Drones could help human workers safeguard the 4 million miles of U.S. highways crisscrossing the country. The flying robots could inspect bridges and roads, survey lands with laser mapping, and even alert officials to traffic jams or accidents.
One such project focused on studying the use of drones recently received $74,984 from the Federal Highway Administration and the Georgia Department of Transportation. Researchers plan to spend the next year figuring out how drones could help workers as they go about inspecting and maintaining the safety of public roads and highways.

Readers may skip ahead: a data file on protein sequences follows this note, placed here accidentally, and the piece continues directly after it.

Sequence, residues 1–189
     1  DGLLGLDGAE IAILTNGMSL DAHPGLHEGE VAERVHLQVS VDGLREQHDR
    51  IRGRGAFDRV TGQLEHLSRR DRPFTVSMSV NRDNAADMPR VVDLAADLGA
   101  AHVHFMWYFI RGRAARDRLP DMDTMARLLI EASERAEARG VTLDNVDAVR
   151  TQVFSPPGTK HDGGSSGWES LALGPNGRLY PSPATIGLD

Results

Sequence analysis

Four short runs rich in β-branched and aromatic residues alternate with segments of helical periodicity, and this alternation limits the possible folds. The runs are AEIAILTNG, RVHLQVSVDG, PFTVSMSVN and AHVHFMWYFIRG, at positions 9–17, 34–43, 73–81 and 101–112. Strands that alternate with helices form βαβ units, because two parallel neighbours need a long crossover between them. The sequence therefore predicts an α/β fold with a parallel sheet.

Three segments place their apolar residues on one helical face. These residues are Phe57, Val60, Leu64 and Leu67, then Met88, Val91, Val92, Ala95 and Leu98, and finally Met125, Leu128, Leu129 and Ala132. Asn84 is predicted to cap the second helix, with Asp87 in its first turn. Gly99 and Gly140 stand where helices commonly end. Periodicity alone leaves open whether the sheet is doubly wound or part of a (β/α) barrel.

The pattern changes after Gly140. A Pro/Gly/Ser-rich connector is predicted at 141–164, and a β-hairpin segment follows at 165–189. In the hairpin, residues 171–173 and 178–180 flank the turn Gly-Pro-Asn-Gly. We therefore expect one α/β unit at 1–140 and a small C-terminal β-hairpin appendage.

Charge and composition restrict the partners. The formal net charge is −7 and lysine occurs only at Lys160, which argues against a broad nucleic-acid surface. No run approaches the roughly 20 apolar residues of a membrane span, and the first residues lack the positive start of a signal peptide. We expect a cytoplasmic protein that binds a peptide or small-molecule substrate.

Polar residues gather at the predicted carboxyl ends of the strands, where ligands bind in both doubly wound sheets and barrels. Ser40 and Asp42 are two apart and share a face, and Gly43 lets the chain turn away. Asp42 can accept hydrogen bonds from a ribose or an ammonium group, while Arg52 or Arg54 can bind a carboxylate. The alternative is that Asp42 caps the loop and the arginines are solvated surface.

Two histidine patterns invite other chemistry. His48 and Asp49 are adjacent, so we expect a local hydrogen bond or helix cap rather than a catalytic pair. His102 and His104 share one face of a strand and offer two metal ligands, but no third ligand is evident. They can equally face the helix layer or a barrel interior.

"Drones could keep workers safer because they won't be going into traffic or hanging off a bridge," said Javier Irizarry, director of the CONECTech Lab at the Georgia Institute of Technology. "It would help with physical limitations of the human when doing this kind of work."
Georgia represents one of several states considering how civilian drones could do some jobs for transportation departments, the police and firefighters. The state is also competing to become one of several flight-test regions for the U.S. Federal Aviation Administration - a step in the FAA's plan to open up U.S. civilian airspace to drones by 2015.